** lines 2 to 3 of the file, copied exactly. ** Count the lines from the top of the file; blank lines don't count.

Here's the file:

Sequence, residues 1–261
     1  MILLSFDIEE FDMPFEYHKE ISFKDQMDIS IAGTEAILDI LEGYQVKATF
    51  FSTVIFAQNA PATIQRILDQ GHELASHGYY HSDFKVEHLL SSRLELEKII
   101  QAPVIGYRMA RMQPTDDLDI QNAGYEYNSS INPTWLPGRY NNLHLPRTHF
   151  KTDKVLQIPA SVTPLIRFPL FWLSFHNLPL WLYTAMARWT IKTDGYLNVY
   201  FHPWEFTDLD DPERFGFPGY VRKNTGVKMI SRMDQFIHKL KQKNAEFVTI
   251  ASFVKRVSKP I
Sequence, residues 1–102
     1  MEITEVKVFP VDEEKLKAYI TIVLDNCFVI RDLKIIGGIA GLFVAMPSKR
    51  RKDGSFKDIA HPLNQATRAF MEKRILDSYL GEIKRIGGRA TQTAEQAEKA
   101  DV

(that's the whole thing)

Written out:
     1  MILLSFDIEE FDMPFEYHKE ISFKDQMDIS IAGTEAILDI LEGYQVKATF
    51  FSTVIFAQNA PATIQRILDQ GHELASHGYY HSDFKVEHLL SSRLELEKII